All trademarked products cited herein are commercially available from Halliburton Energy Services, Inc. in Houston, Tex. unless indicated specifically to the contrary.
The Silicic Acid Base was formulated with the composition shown in Table 4:
Silicic Acid, lb
For the test, a Berea sandstone core was saturated with synthetic formation water having the composition set forth in Table 5:
The saturated core (1 inch diameter) was inserted into a containment sleeve of a Manual Return Permeameter. The pressure chamber was sealed and the temperature was maintained at approximately 180░ F., with 1000-psi overburden pressure. Soltrol 170, filtered to 0.45 micron, was produced through the core at 4.0 ml/min against approximately 30 psi backpressure and initial permeability calculated using Darcy's Law for linear flow:
The test fluid was introduced into the core and the core was exposed to the test fluid for two hours at 500 psid. Any filtrate was collected. The test fluid was then displaced from the test chamber by pumping Soltrol 170 at 10 ml/min for 15 minutes. After the test fluid was displaced, production of Soltrol 170 was resumed using the same procedure as initially. After differential pressure stabilized, the flow of Soltrol 170 was stopped and the final permeability was calculated using the formula above and percent return was determined (final permeability/initial permeability) (100). The results, shown in
The foregoing description of the invention is intended to be a description of preferred embodiments. Various changes in the details of the described fluids and methods of use can be made without departing from the intended scope of this invention as defined by the appended claims.
|Cited Patent||Filing date||Publication date||Applicant||Title|
|US3363698||10 Sep 1964||16 Jan 1968||John G. Jergeson||Rod movement arresting device|
|US3774683||23 May 1972||27 Nov 1973||Halliburton Co||Method for stabilizing bore holes|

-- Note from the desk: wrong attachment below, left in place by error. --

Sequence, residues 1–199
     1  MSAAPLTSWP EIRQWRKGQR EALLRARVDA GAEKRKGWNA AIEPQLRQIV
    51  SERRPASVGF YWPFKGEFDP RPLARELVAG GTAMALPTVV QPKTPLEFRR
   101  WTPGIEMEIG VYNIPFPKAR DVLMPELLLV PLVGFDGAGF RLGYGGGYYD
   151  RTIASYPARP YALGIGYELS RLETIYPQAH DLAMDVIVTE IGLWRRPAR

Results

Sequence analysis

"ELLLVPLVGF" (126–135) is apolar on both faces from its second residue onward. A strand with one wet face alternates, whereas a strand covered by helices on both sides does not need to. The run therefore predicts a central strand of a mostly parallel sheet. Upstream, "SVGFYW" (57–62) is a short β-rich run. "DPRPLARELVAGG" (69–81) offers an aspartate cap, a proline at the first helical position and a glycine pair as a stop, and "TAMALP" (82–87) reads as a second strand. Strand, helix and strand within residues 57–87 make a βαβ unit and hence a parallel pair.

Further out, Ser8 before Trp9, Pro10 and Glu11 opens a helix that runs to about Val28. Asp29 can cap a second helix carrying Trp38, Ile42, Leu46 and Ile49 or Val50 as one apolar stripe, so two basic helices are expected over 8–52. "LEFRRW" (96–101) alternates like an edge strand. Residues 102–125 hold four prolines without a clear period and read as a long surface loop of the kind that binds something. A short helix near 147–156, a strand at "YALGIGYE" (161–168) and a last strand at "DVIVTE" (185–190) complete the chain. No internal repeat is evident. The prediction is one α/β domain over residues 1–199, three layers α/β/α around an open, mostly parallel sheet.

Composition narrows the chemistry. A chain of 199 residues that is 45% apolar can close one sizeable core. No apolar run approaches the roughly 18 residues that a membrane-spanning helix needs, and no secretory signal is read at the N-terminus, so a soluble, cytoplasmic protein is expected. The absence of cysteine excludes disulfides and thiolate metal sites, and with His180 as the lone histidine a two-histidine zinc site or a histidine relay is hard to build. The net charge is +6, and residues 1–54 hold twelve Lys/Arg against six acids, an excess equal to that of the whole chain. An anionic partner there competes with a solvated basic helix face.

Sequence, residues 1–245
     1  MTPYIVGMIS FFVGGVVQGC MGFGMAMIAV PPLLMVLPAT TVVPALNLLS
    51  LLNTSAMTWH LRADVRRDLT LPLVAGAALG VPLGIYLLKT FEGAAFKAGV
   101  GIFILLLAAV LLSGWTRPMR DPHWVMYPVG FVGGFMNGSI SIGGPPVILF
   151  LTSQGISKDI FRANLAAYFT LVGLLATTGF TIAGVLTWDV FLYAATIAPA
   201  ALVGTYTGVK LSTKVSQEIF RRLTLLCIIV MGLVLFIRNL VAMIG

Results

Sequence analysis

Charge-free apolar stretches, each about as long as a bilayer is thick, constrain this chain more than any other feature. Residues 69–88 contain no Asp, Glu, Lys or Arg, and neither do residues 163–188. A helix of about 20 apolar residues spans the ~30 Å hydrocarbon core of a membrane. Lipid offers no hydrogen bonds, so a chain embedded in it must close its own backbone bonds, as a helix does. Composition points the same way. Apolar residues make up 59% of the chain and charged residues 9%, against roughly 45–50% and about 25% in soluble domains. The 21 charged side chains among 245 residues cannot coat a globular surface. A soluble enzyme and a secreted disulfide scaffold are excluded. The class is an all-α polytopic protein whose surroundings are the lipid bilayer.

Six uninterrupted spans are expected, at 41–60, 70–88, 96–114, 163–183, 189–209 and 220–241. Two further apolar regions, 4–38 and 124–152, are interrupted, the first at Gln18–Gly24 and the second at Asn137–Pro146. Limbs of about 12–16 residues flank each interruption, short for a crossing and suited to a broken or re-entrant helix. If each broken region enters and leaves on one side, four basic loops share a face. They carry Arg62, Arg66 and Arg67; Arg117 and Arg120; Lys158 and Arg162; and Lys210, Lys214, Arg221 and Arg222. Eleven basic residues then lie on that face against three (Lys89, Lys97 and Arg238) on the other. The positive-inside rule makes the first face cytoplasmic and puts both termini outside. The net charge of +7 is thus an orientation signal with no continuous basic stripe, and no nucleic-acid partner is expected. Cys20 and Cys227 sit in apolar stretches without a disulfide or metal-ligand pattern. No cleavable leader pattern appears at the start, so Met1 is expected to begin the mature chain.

|US3804058||1 May 1972||16 Apr 1974||Mobil Oil Corp||Process of treating a well using a lightweight cement|
|US4473480||27 Jan 1983||25 Sep 1984||W. R. Grace & Co.||High temperature stable fluid loss control system|
|US5295543||16 Apr 1993||22 Mar 1994||Halliburton Company||Converting drilling fluids to cementitious compositions|
|US5327968||30 Dec 1992||12 Jul 1994||Halliburton Company||Utilizing drilling fluid in well cementing operations|
|US5355954||2 Nov 1993||18 Oct 1994||Halliburton Company||Utilizing drilling fluid in well cementing operations|
|US5358044||27 May 1993||25 Oct 1994||Shell Oil Company||Drilling and cementing with blast furnace slag/soluble/insoluble alcohol|
|US5361842||27 May 1993||8 Nov 1994||Shell Oil Company||Drilling and cementing with blast furnace slag/silicate fluid|
|US5398758||30 Nov 1993||21 Mar 1995||Halliburton Company||Utilizing drilling fluid in well cementing operations|
|US5399195||14 Dec 1989||21 Mar 1995||Danaklon A/S||Fibres and material comprising same|
|US5401719 *||27 Jul 1994||28 Mar 1995||Chemical Services Limited||Drilling mud additive|
|US5421409||30 Mar 1994||6 Jun 1995||Bj Services Company||Slag-based well cementing compositions and methods|
|US5439518||6 Jan 1993||8 Aug 1995||Georgia-Pacific Corporation||Flyash-based compositions|
|US5458195||28 Sep 1994||17 Oct 1995||Halliburton Company||Cementitious compositions and methods|
|US5484019||21 Nov 1994||16 Jan 1996||Halliburton Company||Method for cementing in a formation subject to water influx|
|US5501277||6 Mar 1995||26 Mar 1996||Halliburton Company||Combating lost circulation during the drilling of wells|
|US5569324||2 Jun 1995||29 Oct 1996||Halliburton Company||Cementitious compositions|
|US5580379||12 Dec 1995||3 Dec 1996||Shell Oil Company||Emulsion in blast furnace slag mud solidification|